There is something special about seeing yourself on the big screen, and if not yourself, then someone who you can see yourself as, or recognise yourself in. This is one reason why Pixar’s Turning Red has been such a big thing, coming out at a time when it looked as though the studio would sooner do another movie following Bugs’ Lives, than putting an East-Asian in the protagonists driving seat.
Now, I’ve never been a ‘Disney kid’, so I was still cautious as I sat down to watch the film, having been stung twice by the mouse’s Mulan. But… I was charmed, enthralled, and thoroughly entertained by the story, and of course, characters who looked like me.
Posted in Commentary and tagged animation, china, Chinese, culture, deity, Disney, film, panda, Pixar, Turning Red
As a culture writer, a Chinese person, and a comics nerd, I’ve had a deep interest in the character of Shang-Chi, and the way he has been used over the last half century. I’ve written about him in the build up to Marvel’s first Asian led movie, but now that I have seen the film, and had a chance to really digest it, I’ve got a lot to discuss.
Posted in Commentary and tagged china, Chinese, cinema, comics, culture, film, Ghost Month, kungfu, Mandarin, Marvel, MCU, reaction, Shang-chi, Shang-Chi and the Legend of the Ten Rings, wushu, Wuxia
As there was so much interest and enthusiasm surrounding the tea panel I appeared on at this year’s EasterCon21, I’m publishing a series of mini reviews on the spring teas I’m drinking this year, provided by the lovely NothingButTea.
Posted in Commentary and tagged china, Chinese, culture, green tea, review, tasting Taiping Hou Kui, tea
I did some work on Shang-chi for a project last year, which didn’t materialise due to the pandemic. The filming of the MCU movie was delayed, also due to COVID_19. Now that it’s finally in the can, I’m celebrating its shaqing by reworking the contents of that unfortunate project into an article that looks at the pitfalls and potential of Marvel’s cultural representation of a character whose origins were so problematic, and yet whose development through the decades of comics has been so interesting.
Posted in Commentary and tagged china, Chinese, cinema, comics, cultural appropriation, culture, diversity, film, kungfu, Marvel, MCU, movie, racism, representation, Shang-chi
In the third article of my LGBTQ+ series, I put the subject into the context of traditional and modern Chinese society, and look at the challenges faced by China’s queer population, governmental approach as well as factors that are changing public perception.
Posted in Commentary and tagged china, Chinese, commentary, culture, diversity, LGBTQ, queer, society
A few years ago I started a series on LGBTQ+ in China. Despite the cancellations and shut-downs, it was a hopeful time, the internet had brought the public closer to the concept of queerness, established groups organisations were supporting communities whilst improving public awareness. Campaigners were continuing to sue for change in educational materials and the few festival were braving the storms. A few years later, the clamp-down has tightened, especially in the media and on public events. All in all, the enthusiastic bubbling of activities seemed to have quieted down. This doesn’t mean that communities no longer exist, or groups are no longer at work. In fact, many legal battles have been fought in the last few years, some more successful than others, but they have all generated a lot of public debate and amply demonstrated the gaps in China’s legislature with regards LGBTQ+ rights.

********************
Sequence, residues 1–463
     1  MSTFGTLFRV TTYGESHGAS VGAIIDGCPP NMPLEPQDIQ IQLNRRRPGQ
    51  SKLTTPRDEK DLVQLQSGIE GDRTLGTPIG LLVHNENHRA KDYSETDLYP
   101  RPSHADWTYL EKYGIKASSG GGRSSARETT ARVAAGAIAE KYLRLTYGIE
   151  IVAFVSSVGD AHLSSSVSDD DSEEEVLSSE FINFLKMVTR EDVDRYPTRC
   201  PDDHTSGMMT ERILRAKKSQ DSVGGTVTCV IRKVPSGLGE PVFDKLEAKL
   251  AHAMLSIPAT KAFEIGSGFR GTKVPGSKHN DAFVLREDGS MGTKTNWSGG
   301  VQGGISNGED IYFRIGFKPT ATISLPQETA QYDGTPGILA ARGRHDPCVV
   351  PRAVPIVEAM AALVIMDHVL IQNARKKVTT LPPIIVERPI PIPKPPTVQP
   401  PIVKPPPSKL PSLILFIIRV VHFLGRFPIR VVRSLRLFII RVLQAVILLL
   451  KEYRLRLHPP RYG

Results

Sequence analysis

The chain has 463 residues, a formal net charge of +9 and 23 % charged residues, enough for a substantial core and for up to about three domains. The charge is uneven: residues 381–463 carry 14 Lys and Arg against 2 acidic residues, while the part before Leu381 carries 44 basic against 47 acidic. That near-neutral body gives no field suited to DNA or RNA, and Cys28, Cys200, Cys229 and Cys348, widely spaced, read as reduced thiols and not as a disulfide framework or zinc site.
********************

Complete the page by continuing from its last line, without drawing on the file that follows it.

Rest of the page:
Posted in Commentary and tagged china, Chinese, culture, diversity, gender, law, legislation, LGBTQ, sexuality, society
On the 15thof May 2020, one of the forefathers of Chinese science fiction, Ye Yonglie, passed away.
Born in 1940 in Wenzhou (Zhejiang), Ye was a literary prodigy who published his first work at the age of 11, and his first book at the age of 19. After graduating in chemistry from Peking University, he continued his love of writing, and went on to create a wide range of short stories, journals and longer fictional works.
Posted in Commentary and tagged children's fiction, china, Chinese, culture, fiction, novel, orbituary, science fiction, SFF, Ye Yonglie
It’s Chinese New Year eve. We all know what that means. After the big meal, there would be four hours of non-stop song, dance and comedy. Like a baptism by fire to being truly Chinese, the Chunjie Wanhui (Chunwan for short), has to be done. For all Chinese like myself who’ve grown up with it, sat through it during childhood, rolled our eyeballs at it over adolescence (when our parents still managed to get it over satellite), as we get older, it’s become a ritual that, no matter where in the world you are, and how you’re celebrating, brings you right back.
Posted in Commentary and tagged 2020, china, Chinese, Chinese New Year, Chunwan, culture, gala, show, Spring Festival Gala, variety show